Unlike the Cauchy problem, which is completely solvable in general form by using formula (3), solutions of mixed problems have been obtained in special cases only. The most important ones are: solutions in closed form of the first and second fundamental mixed problems for a half-plane or a half-space, obtained by the method of complex waves and by a generalization of the method of characteristics; solutions of the wave equation for a sphere, obtained by the method of functional-invariant integrals; solutions of certain problems of elasticity theory by generalization of this method; and solutions of a number of diffraction problems. In the general case it is impossible to obtain solutions in closed forms; however, very general results may be obtained by methods of potential theory and the theory of singular integral equations.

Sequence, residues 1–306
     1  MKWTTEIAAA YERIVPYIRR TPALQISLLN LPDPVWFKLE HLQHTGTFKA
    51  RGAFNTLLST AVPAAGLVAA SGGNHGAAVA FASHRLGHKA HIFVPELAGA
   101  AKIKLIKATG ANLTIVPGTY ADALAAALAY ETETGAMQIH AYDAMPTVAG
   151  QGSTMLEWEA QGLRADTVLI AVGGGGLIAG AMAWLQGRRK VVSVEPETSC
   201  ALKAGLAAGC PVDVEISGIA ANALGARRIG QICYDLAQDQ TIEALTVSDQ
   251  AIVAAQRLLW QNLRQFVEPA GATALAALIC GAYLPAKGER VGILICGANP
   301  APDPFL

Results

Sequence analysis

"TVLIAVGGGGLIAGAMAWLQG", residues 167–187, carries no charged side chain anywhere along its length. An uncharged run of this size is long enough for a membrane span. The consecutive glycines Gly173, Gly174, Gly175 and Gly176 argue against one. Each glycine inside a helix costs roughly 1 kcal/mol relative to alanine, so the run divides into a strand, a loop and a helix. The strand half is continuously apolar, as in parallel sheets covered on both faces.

Using the fundamental solutions (4), in analogy with the theory of harmonic potentials, it is possible to introduce the concepts of a single-layer, double-layer and a volume-mass elastic potential, which allow the regular solutions of equation (1prm) to be expressed by the formula

 (5)

where is the tension operator, is the symbol of matrix transposition, and if and if . The first five boundary conditions specified above make it possible to write down with the aid of potentials the respective problems in the form of two-dimensional singular integral equations on the closed surface . It has been proved that all the problems are solvable for any oscillation frequency in the case of the exterior of a domain, and that there exists a discrete real non-negative spectrum of eigen frequencies for the interior problems. The solutions are expressed as Fourier series in a certain complete system of vectors, constructed with the aid of (4), and the Fourier coefficients are explicitly determined.